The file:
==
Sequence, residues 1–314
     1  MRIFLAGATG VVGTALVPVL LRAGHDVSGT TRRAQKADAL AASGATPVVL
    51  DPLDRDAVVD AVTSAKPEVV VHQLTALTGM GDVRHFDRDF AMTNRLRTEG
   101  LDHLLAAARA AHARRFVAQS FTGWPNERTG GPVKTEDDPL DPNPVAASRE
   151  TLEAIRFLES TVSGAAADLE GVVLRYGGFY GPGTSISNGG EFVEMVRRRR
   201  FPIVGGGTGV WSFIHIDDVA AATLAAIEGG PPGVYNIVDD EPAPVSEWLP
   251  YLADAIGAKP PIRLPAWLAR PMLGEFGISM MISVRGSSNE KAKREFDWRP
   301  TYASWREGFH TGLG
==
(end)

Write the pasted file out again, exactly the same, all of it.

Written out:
Sequence, residues 1–314
     1  MRIFLAGATG VVGTALVPVL LRAGHDVSGT TRRAQKADAL AASGATPVVL
    51  DPLDRDAVVD AVTSAKPEVV VHQLTALTGM GDVRHFDRDF AMTNRLRTEG
   101  LDHLLAAARA AHARRFVAQS FTGWPNERTG GPVKTEDDPL DPNPVAASRE
   151  TLEAIRFLES TVSGAAADLE GVVLRYGGFY GPGTSISNGG EFVEMVRRRR
   201  FPIVGGGTGV WSFIHIDDVA AATLAAIEGG PPGVYNIVDD EPAPVSEWLP
   251  YLADAIGAKP PIRLPAWLAR PMLGEFGISM MISVRGSSNE KAKREFDWRP
   301  TYASWREGFH TGLG